ACTION ALERT! Urge Howell schools to display U.S. motto "In GodWe Trust"

When Howell High School’s homosexual student club hung the official “gay pride” flag in the school’s main stairwell to protest voter approval of the Marriage Protection Amendment, Howell school board members ignored parents’ protests and officially approved the display, even holding a flag dedication ceremony.

The same school board arrogantly refuses to allow displays of the national motto of the United States: “In God We Trust.”
Please support Howell parents taking a stand for their families and family values by expressing your opinion:

Howell Public Schools
Phone: 517-548-6200


Howell, Michigan
October 12, 2005

School officials cool to LOVE’s pitch
by Christopher Nagy

For the foreseeable future, the matter of displaying the national motto in school buildings is not an issue the Howell Public Schools Board of Education intends to address.

A group of community activists, meanwhile, hasn’t giving up pushing the district to consider the matter.

In June, members from the Livingston Organization for Values in Education — or LOVE — offered the district a framed copy of the phrase “In God We Trust” to display in its administrative offices and offered to provide the district with enough copies of the motto to display in every classroom.

The district begged off on both offers, but the group is still pursuing the district to change its mind. Several members of LOVE attended the board’s Sept. 26 meeting to ask the district to reconsider its position on the issue, and Tom Mallon, a member of LOVE’s publicity committee, said the group is in a “holding pattern” right now to see if the district addresses the issue, which will determine the next step LOVE will take.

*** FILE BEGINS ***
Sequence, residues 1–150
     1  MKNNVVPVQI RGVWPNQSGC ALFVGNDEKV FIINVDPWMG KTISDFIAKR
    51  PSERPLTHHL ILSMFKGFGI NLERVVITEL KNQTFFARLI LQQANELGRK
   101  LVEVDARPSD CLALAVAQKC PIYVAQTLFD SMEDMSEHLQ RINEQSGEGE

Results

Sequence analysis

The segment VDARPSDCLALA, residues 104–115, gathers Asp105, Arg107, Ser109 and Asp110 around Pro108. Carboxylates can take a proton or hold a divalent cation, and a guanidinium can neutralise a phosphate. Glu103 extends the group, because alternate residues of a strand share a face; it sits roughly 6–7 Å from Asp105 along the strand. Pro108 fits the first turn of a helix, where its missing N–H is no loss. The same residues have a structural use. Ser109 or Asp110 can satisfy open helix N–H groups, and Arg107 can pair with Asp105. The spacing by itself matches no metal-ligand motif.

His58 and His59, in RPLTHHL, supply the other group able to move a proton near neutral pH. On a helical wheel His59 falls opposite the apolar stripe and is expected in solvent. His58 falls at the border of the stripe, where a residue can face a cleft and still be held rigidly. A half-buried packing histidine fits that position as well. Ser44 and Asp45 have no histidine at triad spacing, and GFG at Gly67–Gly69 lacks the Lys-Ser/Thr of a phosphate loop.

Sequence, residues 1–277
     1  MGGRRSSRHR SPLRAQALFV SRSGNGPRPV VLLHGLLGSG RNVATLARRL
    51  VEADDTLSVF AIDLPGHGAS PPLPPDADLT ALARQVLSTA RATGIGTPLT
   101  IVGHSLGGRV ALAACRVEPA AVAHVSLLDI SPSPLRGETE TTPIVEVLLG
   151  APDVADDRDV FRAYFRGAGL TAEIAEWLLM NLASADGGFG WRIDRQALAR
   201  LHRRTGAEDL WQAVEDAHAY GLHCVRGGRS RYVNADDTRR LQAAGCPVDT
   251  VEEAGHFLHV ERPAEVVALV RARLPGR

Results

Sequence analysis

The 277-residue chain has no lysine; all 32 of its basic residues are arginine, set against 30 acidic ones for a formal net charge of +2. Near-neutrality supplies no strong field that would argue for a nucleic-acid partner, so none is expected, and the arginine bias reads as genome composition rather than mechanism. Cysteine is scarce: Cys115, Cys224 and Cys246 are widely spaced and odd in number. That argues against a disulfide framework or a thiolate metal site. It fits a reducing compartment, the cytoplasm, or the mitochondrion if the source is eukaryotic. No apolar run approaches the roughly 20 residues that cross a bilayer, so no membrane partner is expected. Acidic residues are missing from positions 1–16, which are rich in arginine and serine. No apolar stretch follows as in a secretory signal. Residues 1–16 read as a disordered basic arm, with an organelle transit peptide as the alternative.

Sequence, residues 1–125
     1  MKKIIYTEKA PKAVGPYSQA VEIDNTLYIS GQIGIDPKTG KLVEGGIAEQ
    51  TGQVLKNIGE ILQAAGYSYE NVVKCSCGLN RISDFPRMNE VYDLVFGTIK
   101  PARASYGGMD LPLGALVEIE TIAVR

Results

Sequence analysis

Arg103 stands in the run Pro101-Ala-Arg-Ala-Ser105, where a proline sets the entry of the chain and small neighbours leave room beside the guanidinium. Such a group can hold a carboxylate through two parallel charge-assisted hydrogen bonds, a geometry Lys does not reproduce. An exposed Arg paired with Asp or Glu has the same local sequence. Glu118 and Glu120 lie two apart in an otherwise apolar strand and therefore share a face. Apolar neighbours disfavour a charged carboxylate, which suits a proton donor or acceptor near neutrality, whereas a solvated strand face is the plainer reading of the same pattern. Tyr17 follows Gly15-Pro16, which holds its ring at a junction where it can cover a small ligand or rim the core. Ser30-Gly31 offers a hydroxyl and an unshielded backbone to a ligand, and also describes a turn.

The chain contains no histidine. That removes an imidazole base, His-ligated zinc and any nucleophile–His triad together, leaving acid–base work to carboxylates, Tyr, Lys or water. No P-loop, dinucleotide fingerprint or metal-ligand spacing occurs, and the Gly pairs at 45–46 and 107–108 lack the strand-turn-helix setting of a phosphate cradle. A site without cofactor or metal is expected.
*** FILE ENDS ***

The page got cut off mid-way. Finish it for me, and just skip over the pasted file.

Howell Superintendent Charles Breiner said the group might be in for a long wait.

From the indications he has — or rather has not — received from school board members, the district doesn’t have any plans to engage LOVE members in a dialogue about the matter.

LOVE member Vicki Fyke asked the board Monday when the board took action in turning down LOVE’s request for the motto to be placed in schools, but Breiner said no such official action has ever been taken. The board has chosen not to make the issue an action item on its agenda, so no vote has ever been made, and Breiner said he hasn’t been given any signals that the board wants the items on its agenda.

“I think generally the board has decided, so far, not to make that an action item,” he said.

At its meeting in June, when LOVE first approached the school board, school board President Mary Jo Dymond said the district wasn’t going to respond to the offer in order to avoid possible litigation.

Mallon, on the other hand, said court opinions have always fallen in favor of the display of such mottos, viewing them as patriotic, not religious. That, he added, is the view of “In God We Trust” for LOVE, and noted that the motto would be beneficial for student discussion in such areas as civics, U.S. history and as an example of historical documentation.

“A vast number of educational issues could arise from the posting of the national motto,” he said.

In a letter to the Daily Press & Argus, Mallon asked Breiner and the school board to open up the issue to public discourse.

“To state that you are against or have no interest in providing a debate-forum seems comical considering the fact that you have supported and continue to defend the gay-pride flag currently being used as the Diversity Club’s symbol regardless of the plethora of ‘significant debate’ and division it has generated not only in the school but in the community as a whole,” Mallon wrote.

In a letter to the editor published in July, LOVE member Jason Woolford outlined the mission of the organization, which was formed in May.

Woolford said the group consists of “concerned parents, students, and community members who are pro-family and pro-children. … We have adopted, approved and support the following as the values we mean when we talk about supporting traditional family values: true diversity, civil rights, not special rights; student health and safety, promotion of lifestyle choices and behaviors that protect the mental, physical and emotional health of our children as students; traditional marriage, one man and one woman; personal integrity … honesty … patriotism.”


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